I took a walk through Tomkins Park, which always makes me think of the one on the lower east side of New York, although it's spelled slightly differently. Yes, just like the one in New York I never walked through because it was so unsafe when I lived there. I remember visiting a friend, Alice the Punk, who lived deep in Alphabet City one New Year's Eve and it not being safe to leave until the sun came up; I still clearly remember the rolls of razor wire that laced across her rooftop. The one in New York has a "p" (probably a lot more than one, if you know what I mean), and was home to some high-profile riots in the late 80’s—so the park in Calgary is alike, really in close-to name only, although I remember that when I first moved here, this was not a place you lingered. On this evening, in the bright evening sunlight, the Calgary Tomkins Park had the city’s clean look to it, with a few people reading, another group talking quietly, a guy and his dog and another with his shopping cart, talking to himself, or maybe his cart, about….whatever.
So back up the street to Tubby Dog. It’s a long, narrow space, filled with pinball and electronic arcade games, a huge neon “Jesus Saves” near the bathrooms, a 50’s-style lunch counter in bright yellow Formica, and three very happy and efficient guys behind the counter. It has a window that’s about the width of a garage door in front that swings open so you can sit on a stool and look out on the street; the back is lined with booths. And they were all full.

I grabbed a couple of chairs by the window (my friend Jim was joining me), and I made my way up to the counter and ordered what I was told I had to try: The Captain.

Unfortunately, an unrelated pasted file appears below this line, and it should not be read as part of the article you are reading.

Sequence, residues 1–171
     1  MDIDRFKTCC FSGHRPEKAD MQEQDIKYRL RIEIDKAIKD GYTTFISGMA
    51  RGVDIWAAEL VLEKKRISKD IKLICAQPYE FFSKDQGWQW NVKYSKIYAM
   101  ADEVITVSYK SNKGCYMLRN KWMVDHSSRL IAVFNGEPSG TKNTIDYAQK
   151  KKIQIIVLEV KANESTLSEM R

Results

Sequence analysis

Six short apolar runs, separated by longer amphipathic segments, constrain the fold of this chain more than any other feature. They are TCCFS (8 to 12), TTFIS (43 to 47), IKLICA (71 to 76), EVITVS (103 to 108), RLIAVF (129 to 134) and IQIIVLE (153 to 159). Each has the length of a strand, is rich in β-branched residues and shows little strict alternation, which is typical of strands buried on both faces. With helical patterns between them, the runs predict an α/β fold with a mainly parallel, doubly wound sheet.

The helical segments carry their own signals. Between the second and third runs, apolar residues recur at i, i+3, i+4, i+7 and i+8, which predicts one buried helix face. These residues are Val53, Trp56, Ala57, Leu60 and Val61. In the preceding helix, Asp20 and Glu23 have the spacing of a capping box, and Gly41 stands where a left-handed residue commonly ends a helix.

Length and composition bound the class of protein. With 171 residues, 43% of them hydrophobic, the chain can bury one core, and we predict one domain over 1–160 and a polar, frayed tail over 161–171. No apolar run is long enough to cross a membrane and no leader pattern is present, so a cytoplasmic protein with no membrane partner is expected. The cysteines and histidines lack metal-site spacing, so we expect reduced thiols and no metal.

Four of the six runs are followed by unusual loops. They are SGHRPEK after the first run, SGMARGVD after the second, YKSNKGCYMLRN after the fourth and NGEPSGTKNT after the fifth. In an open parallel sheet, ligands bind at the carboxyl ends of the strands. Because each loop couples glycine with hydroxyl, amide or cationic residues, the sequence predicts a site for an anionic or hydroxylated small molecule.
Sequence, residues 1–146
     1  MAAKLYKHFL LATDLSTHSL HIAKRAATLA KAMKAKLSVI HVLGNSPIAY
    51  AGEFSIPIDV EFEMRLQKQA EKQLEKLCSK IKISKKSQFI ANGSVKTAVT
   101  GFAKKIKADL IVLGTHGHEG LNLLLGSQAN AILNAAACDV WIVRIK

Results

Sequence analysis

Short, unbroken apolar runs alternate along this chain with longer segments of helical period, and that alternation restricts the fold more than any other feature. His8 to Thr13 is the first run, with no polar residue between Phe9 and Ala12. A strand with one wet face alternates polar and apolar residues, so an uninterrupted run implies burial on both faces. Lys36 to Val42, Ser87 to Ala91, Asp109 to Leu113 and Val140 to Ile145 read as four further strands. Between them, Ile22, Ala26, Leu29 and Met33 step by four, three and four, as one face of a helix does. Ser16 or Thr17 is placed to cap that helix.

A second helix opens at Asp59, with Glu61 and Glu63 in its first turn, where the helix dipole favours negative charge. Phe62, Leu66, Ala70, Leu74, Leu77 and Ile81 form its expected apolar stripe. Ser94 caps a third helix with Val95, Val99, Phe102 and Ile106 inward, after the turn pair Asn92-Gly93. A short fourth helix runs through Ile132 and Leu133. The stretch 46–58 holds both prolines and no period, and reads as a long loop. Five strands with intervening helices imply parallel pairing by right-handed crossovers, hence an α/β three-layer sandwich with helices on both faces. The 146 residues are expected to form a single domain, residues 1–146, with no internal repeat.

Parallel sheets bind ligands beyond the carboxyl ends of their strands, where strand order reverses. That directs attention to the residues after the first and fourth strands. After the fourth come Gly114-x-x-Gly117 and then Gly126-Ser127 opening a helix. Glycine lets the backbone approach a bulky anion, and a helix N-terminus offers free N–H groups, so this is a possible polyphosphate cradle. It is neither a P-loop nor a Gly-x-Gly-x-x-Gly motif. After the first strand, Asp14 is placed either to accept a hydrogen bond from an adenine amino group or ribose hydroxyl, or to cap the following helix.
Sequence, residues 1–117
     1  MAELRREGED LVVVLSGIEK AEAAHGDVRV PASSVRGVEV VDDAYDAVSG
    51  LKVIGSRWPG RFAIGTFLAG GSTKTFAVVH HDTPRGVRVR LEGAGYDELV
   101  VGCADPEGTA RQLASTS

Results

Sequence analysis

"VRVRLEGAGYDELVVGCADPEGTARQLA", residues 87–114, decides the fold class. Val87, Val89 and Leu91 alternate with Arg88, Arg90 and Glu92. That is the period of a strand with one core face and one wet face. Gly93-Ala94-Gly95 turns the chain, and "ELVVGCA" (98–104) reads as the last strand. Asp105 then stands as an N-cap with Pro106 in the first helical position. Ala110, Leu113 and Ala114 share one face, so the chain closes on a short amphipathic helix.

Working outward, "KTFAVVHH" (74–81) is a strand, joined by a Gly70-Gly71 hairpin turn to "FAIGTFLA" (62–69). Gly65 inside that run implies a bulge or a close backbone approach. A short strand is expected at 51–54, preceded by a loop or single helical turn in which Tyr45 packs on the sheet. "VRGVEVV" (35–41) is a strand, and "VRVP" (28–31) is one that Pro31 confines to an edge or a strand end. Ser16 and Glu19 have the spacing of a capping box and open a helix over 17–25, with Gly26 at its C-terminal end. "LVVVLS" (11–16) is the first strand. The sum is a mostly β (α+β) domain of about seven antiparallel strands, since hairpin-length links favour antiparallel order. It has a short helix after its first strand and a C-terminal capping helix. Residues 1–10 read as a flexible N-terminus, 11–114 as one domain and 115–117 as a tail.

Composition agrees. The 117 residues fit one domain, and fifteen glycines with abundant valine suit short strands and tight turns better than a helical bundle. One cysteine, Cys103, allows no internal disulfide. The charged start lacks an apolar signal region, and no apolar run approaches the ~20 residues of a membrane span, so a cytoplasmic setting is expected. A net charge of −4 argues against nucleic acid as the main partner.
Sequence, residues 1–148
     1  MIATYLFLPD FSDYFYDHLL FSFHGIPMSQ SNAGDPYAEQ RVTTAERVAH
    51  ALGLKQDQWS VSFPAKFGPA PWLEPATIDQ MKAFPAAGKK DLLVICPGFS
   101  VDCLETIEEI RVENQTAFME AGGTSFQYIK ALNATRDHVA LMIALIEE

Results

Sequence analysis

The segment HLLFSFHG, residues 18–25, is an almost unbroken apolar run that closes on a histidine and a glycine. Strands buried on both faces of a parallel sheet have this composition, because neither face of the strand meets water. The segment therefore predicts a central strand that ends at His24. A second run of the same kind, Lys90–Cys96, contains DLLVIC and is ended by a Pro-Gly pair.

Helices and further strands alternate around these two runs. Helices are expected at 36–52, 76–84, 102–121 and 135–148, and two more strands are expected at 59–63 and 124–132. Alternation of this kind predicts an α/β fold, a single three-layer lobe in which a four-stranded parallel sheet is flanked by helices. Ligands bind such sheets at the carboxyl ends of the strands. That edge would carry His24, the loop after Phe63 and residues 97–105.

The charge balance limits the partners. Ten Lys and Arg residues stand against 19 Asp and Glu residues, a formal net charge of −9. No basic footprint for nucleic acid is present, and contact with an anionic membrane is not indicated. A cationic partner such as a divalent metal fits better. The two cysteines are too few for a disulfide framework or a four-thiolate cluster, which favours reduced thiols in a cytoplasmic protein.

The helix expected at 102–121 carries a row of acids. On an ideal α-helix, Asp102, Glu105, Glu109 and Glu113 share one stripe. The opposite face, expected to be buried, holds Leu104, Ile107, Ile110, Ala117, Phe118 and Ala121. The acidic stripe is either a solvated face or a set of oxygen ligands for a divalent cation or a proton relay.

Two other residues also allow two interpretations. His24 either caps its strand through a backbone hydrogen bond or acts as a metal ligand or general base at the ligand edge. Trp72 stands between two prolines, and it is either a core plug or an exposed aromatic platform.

This is a hot dog, on a bun….with peanut butter and grape jelly…and Cap’n Crunch.

What do you get to drink with that?

Pinot Noir in a can? They had it, but nooooo…Beer? Really no. The guy at the till says to get a root beer. Can’t do that either. I just can’t imagine what goes with this, so I choose a bottle of water.

And the Captain? It’s ok, not bad, actually pretty interesting.

If you’re a sweet-and-salty kind of person you’ll understand this combo, and you would probably like this. Would I have it again? Possibly not, but only because there are so many other choices. Jim got a dog with chili, onions, a whole load of cheese, and crumbled potato chips on top. It sure smelled and looked good.

But here’s the kicker to this evening’s adventure…yesterday I mentioned how sometimes this city had a small town feel to it? As we moved further back into Tubby Dog to get away from the street noise, the two stools we picked were right next to Mark, a friend from days past who knew me as part of a couple--a friend and his wife who live quite a distance from a little hot dog shop in the middle of the Red Mile. A little confused and perhaps shocked at first I think, they seemed not overly surprised—or concerned-- that we had split. We chatted through our meals--their anniversary dinner, it turned out-- as if no time had passed.

I’m starting to realize that perhaps the meals, while fun and filling, are not the part of this adventure that is FULFILLING. It’s more about people with whom I share food than the food itself--they are the key. They can be friends or they can be strangers, (or perhaps strange friends?)…whatever the case, it’s human connection that feeds us and keeps us going.

Thanks to all for such a great reaction to the first post. In-towners, heading out on Friday for Thai with my friend Natalie—if you want to join, send me a message and we’ll see if we can coordinate!